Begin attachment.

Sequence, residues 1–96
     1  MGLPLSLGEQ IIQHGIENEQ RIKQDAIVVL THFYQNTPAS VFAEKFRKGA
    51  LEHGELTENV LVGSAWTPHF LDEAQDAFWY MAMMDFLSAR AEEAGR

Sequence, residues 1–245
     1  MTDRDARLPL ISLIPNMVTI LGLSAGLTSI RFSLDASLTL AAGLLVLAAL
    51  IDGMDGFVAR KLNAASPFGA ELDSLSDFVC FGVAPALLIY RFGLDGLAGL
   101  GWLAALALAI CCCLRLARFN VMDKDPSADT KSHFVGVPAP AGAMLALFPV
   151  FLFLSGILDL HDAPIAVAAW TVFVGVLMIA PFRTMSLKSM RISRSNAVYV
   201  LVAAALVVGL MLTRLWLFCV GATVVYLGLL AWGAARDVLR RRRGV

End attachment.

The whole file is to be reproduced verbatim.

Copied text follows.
Sequence, residues 1–96
     1  MGLPLSLGEQ IIQHGIENEQ RIKQDAIVVL THFYQNTPAS VFAEKFRKGA
    51  LEHGELTENV LVGSAWTPHF LDEAQDAFWY MAMMDFLSAR AEEAGR

Sequence, residues 1–245
     1  MTDRDARLPL ISLIPNMVTI LGLSAGLTSI RFSLDASLTL AAGLLVLAAL
    51  IDGMDGFVAR KLNAASPFGA ELDSLSDFVC FGVAPALLIY RFGLDGLAGL
   101  GWLAALALAI CCCLRLARFN VMDKDPSADT KSHFVGVPAP AGAMLALFPV
   151  FLFLSGILDL HDAPIAVAAW TVFVGVLMIA PFRTMSLKSM RISRSNAVYV
   201  LVAAALVVGL MLTRLWLFCV GATVVYLGLL AWGAARDVLR RRRGV